Live from Abu Dhabi Connect the World takes you on a journey across continents, investigating the stories that are changing our world.
An Iranian man convicted of murder was facing almost certain death. But seconds before his hanging was due to take place, he was offered a reprieve from the unlikeliest source. A photographer was on hand to capture the whole remarkable scene. He tells CNN's Connect the World with Becky Anderson exactly what he witnessed.
Aung San Suu Kyi, the Nobel Peace prize winner and Burmese opposition politician, has faced criticism in the past for not speaking up about violence against Muslims.
CNN's Atika Shubert speaks with the revered opposition leader in London. They talk about violence in Myanmar, and her political goals.
Gay rights groups have expressed outrage over comments made by a senior Vatican official linking homosexuality to child abuse.
[cnn-photo-caption image= http://i2.cdn.turner.com/cnn/2010/images/04/14/scandal.art.gettyimages.jpg
caption="Cardinal Tarcisio Bertone is seen here on the right."]
Cardinal Tarcisio Bertone, who also serves as the Vatican's Secretary of State, made the comment during a news conference while on an official visit to Chile.
"Many psychologists, many psychiatrists have demonstrated that there is no relationship between celibacy and pedophilia but many others have demonstrated, I was told recently, that there is a relationship between homosexuality and pedophilia," he said.
Tony Green of the London-based Lesbian and Gay Christian Movement said Bertone's comments came as no surprise given recent controversial statements by Church leaders.
"Of course we're appalled by it but not shocked - people like this are bound to say this. It's a bit like comparing attacks on the Catholic Church to the Holocaust and all that. It is desperate people trying to come out with desperate answers," he said.
We want to know what you think.
What is your reaction to the cardinal's comments?
Please leave your comments below and be sure to tell us where you're writing from.
Indian tennis player Sania Mirza and Pakistani cricketer Shoaib Malik exchanged wedding vows Monday in a controversy hit celebrity union across the deep political and religious rivalries that divide their two countries.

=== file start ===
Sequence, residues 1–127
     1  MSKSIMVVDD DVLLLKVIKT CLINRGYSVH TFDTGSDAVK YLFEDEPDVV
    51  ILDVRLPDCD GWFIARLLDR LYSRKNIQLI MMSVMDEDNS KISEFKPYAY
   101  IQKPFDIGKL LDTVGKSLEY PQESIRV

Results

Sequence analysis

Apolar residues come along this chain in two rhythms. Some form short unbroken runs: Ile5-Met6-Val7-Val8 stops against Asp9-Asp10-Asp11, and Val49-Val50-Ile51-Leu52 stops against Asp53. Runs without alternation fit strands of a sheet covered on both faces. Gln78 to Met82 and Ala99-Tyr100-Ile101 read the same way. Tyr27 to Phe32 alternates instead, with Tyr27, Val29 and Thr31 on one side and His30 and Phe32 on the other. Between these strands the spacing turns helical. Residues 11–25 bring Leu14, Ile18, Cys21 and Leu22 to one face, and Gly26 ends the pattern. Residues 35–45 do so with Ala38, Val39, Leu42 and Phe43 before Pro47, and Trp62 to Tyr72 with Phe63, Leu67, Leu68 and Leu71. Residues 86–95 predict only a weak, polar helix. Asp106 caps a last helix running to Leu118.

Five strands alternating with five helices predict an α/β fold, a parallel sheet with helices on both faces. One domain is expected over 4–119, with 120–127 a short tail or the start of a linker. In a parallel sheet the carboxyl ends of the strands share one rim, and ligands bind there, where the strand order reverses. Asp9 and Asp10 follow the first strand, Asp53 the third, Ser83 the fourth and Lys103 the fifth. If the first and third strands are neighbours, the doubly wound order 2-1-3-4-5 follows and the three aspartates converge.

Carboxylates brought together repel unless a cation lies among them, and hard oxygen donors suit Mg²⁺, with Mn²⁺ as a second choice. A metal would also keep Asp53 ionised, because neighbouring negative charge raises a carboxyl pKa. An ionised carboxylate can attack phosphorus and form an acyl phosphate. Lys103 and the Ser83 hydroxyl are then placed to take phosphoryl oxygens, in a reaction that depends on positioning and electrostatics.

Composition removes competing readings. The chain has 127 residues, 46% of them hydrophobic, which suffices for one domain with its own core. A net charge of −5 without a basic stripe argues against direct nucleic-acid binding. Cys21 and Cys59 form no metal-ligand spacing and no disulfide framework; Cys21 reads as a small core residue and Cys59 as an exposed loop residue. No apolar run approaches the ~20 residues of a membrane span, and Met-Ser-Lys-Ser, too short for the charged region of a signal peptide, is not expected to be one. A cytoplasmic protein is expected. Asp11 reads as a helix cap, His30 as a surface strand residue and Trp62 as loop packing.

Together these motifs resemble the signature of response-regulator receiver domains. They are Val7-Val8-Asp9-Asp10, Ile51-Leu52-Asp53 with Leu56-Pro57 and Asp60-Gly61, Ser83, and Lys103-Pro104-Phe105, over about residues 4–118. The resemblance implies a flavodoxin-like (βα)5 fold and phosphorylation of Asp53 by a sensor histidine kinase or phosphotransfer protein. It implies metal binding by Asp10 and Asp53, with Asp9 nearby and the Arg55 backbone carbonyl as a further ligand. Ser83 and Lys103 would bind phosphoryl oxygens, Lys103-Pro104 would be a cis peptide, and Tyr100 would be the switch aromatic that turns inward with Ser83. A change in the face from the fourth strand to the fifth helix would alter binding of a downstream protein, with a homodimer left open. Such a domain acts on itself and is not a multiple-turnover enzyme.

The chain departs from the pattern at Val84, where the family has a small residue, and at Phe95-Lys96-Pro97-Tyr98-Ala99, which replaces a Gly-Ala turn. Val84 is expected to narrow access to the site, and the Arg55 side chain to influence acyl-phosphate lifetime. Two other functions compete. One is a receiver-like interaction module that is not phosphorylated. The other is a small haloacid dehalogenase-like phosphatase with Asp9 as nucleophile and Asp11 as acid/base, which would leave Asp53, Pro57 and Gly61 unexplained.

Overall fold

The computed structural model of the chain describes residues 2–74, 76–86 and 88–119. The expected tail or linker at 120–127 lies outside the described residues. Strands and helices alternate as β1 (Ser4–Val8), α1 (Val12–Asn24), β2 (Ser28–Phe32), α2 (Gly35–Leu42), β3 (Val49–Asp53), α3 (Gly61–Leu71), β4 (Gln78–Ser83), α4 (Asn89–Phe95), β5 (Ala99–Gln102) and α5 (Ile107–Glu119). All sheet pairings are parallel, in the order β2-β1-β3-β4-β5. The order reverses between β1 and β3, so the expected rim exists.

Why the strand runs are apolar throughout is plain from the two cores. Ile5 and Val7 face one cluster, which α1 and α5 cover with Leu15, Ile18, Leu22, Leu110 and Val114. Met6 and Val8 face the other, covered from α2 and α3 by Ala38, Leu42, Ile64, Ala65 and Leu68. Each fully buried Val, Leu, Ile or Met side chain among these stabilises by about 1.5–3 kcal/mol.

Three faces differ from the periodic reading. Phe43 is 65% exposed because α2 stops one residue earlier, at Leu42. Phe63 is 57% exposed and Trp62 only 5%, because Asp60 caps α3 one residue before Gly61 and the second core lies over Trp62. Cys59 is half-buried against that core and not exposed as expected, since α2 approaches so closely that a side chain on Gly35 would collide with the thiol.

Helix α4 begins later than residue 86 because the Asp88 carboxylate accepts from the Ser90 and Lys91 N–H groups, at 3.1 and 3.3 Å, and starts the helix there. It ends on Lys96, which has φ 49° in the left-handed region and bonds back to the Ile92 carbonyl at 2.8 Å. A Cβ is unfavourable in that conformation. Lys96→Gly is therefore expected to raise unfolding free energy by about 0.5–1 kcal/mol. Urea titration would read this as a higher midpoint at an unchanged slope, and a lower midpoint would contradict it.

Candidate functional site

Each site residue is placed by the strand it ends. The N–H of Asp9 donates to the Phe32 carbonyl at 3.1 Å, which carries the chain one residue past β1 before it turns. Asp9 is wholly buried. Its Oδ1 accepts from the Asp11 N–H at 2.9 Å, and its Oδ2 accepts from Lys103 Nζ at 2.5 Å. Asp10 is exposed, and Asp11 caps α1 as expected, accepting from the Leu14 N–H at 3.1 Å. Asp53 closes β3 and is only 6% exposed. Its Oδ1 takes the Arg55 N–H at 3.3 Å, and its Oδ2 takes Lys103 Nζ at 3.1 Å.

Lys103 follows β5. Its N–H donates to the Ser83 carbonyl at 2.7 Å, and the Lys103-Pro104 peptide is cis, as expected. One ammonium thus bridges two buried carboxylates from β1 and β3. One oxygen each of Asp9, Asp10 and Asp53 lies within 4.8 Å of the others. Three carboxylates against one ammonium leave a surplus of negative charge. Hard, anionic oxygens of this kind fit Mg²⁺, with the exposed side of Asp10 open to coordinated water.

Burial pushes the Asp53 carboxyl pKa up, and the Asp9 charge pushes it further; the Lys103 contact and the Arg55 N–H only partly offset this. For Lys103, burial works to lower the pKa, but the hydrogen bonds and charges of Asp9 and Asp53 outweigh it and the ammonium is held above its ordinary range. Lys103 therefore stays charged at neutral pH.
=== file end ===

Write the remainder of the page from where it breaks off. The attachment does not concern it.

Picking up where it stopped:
[cnn-photo-caption image= http://i2.cdn.turner.com/cnn/2010/images/04/07/art.malik.gettyimages.jpg
caption="The happy couple determined to marry on April 15."]
The nuptials follow a stormy courtship for the pair, with anger among hardline Hindus over Mirza's relationship with a Pakistani man matched by a scandal over bigamy allegations against Malik.
Last week, Malik divorced his first wife, Ayesha Siddiqui, an Indian woman whom he had earlier accused of tricking him into what he described as an invalid wedding.
Siddiqui claims Malik married her by telephone eight years ago, but Malik maintains he was deceived and the marriage was invalid, saying the agreement was based on photos sent to him which he insists were not of Siddiqui.
Asked earlier this month if she was unnerved by the controversy surrounding her wedding, Mirza said, "Of course I am upset. But we are happy that we are together."
Mirza divides opinion in India, drawing criticism from strict Muslim groups for her short tennis skirts and jewelry, while gaining praise and fans for her achievements on the court.
We'd like to know what you think.
Do you think the marriage can help bring Pakistan and India closer together?
Please leave your comments below and remember to tell us where you're writing from.